The law allows a statute of up to a year for most misdemeanor charges including domestic violence. In certain misdemeanor matters, the law allows longer than a year for commencement of charges. In felony matters, the statute of limitations for commencement can range from 3 years to upwards depending on the charges. For example. Under California Penal Code 799, prosecution for an offense punishable by death or by imprisonment in the state prison for life or for life without the possibility of parole, or for the embezzlement of public money, may be commenced at any time. If charges are filed after the period allowed for commencement, a criminal defense attorney can and should file a SERNA motion to dismiss charges for lack of timely prosecution.
What if I was simply defending myself?
It is possible to successfully assert self-defense as long as one reasonably fears imminent danger and believes that immediate force is necessary to defend oneself or another person and uses no more force than reasonably necessary.
Can there be a civil case in addition to criminal case?
A person can sue the aggressor for money damages for injuries sustained as a result of domestic violence in a civil court.
What if the alleged victim wasn ’t really hurt?
While some domestic violence charges require an injury, others do not. For example, Penal Code 243(e)(1) does not require an injury. However, if the infliction of injury is a required element of the domestic violence charge, the lack of injury would mean that an element of the charge is missing. If a required element of a particular charge is not satisfied, it is a complete defense to that charge.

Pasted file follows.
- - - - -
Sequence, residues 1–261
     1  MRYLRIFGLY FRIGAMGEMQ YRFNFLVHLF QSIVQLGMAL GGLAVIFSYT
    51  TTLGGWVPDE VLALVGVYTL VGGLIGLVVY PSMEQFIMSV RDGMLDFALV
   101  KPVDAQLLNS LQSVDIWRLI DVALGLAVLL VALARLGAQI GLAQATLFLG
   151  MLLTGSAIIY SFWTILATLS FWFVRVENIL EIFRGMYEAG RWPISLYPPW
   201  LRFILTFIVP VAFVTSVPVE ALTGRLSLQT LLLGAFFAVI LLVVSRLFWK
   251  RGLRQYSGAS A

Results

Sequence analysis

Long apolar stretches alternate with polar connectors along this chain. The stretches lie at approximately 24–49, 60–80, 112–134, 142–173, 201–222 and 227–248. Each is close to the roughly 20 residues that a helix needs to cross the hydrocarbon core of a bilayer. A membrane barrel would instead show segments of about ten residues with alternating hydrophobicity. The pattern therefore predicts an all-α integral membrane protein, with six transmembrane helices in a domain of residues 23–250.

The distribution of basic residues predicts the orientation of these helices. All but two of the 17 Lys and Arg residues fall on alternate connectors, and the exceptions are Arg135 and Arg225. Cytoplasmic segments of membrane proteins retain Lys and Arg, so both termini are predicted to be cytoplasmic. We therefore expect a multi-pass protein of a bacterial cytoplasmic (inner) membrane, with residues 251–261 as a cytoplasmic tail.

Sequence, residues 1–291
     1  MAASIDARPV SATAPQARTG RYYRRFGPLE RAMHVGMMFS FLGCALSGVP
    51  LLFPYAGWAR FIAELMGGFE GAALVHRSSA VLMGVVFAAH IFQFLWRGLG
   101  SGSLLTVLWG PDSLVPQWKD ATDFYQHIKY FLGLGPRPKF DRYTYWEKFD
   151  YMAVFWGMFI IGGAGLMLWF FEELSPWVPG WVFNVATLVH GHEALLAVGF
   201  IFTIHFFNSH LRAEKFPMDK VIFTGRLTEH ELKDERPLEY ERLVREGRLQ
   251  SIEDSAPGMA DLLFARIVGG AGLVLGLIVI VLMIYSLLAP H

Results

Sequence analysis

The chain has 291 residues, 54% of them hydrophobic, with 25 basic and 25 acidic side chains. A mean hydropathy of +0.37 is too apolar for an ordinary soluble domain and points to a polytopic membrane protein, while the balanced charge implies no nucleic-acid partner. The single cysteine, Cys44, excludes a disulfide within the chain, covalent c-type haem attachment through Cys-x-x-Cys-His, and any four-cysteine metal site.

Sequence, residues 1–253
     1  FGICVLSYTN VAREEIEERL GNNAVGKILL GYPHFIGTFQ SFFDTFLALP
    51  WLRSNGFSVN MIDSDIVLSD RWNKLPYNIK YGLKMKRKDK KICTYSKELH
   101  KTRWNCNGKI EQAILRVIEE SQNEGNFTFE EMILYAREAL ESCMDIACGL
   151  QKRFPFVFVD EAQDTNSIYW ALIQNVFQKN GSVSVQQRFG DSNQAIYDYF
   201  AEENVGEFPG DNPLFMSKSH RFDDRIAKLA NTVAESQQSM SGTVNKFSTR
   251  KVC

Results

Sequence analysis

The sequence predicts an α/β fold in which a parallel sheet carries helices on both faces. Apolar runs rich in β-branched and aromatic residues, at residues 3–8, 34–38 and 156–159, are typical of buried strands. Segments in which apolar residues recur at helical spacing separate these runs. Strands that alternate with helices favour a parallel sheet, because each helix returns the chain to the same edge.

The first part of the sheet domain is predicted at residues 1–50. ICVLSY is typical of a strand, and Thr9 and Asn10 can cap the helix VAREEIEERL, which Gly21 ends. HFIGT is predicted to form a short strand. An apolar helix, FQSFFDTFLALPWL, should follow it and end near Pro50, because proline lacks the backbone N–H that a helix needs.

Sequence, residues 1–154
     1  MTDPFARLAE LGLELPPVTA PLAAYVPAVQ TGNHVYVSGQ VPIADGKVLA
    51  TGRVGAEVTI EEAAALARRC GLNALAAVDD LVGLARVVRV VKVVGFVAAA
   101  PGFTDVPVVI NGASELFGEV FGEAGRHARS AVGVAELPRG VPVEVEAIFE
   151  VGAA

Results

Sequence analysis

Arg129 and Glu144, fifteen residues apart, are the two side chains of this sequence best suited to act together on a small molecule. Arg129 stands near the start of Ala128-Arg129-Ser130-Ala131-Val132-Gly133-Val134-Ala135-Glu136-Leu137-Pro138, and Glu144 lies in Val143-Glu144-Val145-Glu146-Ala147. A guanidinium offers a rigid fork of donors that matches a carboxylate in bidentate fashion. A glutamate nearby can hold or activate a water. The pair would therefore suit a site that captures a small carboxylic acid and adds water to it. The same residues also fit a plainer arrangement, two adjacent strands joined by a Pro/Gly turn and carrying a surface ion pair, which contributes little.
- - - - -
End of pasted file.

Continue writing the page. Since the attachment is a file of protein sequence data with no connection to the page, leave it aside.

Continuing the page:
Can the alleged victim drop the charges?
In California, one cannot simply drop the charges. However, if an alleged victim is unwilling to cooperate with the prosecution, it weakens the prosecutor’s case. Most prosecutors will factor an unwilling witness into their calculation of a plea offer and their ability to win at trial.
I have never been in trouble before, so am I eligible to participate some type of a first-time offender program for my domestic violence charges?
It is possible to negotiate significantly reduced charges, diversion programs and/or Deferred Entry of Judgment programs in most bay area counties for most first offenses that are minor. However, if the alleged victims sustained moderate or serious injuries, it becomes less likely that one would be offered some sort of a program instead of jail time. You may have other defenses to the charges such as self-defense, defense of others or mistaken identity etc. Contact our offices for a free consultation if you have been charged with domestic violence in any of the bay area counties.
Can domestic violence charges be expunged in California?
If one has complied with all the terms and conditions of probation, misdemeanor domestic violence charges can be expunged provided that you meet the other criteria for expungment under Penal Code Section 1203.4. Certain felonies can be reduced to misdemeanors under California Penal Code Section 17(b) if you were not sentenced to state prison. Further, they can also be dismissed pursuant to CPC 1203.4 if you have finished your probation and/or jail time.